1

In my book I found a sentence:

I was having a holiday by seaside last summer when I ran into captain Robinson.

I think there are two errors in this sentence. The first one is that there should be spending instead of having, and the second one is there should be the seaside.
Correct me if I am wrong?
I am not sure about if having is incorrect here.

  • Better off IMHO = "I was having a seaside holiday last summer when I ran into captain Robinson" – learner Dec 17 '14 at 8:48
  • Yeah but be cautious, there, it serves as an adjective. – Maulik V Dec 17 '14 at 9:43
2

Spending a holiday = having a holiday

Both mean the same that you are enjoying (not working) somewhere and that day is a holiday.

From Jakarta Post

Nusa Dua tourist enclave boasts some of the island’s most exclusive hotels, restaurants and shopping centers. All are set alongside nearly 5 kilometers of well-preserved white sandy beach. Spending a holiday with the family and golf buddies, therefore, is not an impossible feat to accomplish.

And, if someone is on holiday, they are having a holiday.

About the article, I'll go with you! And so do many news articles

Also, this will help you.

3

I'd poke a very tentative alternative explanation for this…

I don't doubt the two terms are pretty much interchangeable, but I feel there is a slightly different flavour to them.

'Having' a holiday is just that, you are on holiday, you are 'having' it, like you'd have an ice cream whilst you're there, or like you'd have a swim.

'Spending' I think is more interested in the 'time spent' & how you spent that time.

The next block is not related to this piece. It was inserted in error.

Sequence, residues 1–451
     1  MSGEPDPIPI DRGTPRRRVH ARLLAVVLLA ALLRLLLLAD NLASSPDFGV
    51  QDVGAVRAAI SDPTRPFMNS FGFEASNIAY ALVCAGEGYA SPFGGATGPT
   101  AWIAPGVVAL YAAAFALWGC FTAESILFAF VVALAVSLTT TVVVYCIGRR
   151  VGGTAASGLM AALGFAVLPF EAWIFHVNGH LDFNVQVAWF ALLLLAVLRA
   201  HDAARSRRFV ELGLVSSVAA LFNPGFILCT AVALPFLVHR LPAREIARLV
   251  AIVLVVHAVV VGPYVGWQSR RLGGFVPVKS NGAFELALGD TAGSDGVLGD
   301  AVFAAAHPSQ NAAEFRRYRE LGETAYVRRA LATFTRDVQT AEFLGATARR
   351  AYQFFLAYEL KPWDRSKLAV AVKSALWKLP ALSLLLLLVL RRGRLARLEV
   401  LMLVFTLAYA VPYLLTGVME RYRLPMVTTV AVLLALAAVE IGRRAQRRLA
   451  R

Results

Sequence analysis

"I spent last August in the Dordogne."
"I spent a week on holiday in Spain."

So, referring back - you can 'spend a holiday' but you're really referring to the time you spent away from home.
To torture my analysis still further, you can't spend an ice cream, or a swim, but you can spend time eating ice cream or swimming.

All I really see wrong with the OP's sentence is it ought to be
"I was having a holiday by the seaside…" as was mentioned.
I would perhaps posit that
"I was spending my holiday by the seaside" would be a useable alternative, though I'm not sure why swapping 'a' to 'my' really fixes it; perhaps it adds the personal sense of 'time spent' to the sentence.

  • Now I am really confused. More information always not good for you. this is the same case with me. – starun008 Dec 17 '14 at 9:13
  • 1
    Sometimes, it's not grammar, it's imagery that is important. "I had a holiday" - fact. "I spent time with friends on holiday" - imagination – Tetsujin Dec 17 '14 at 9:19
  • Simple! more info is for more interested people – learner Dec 17 '14 at 10:16

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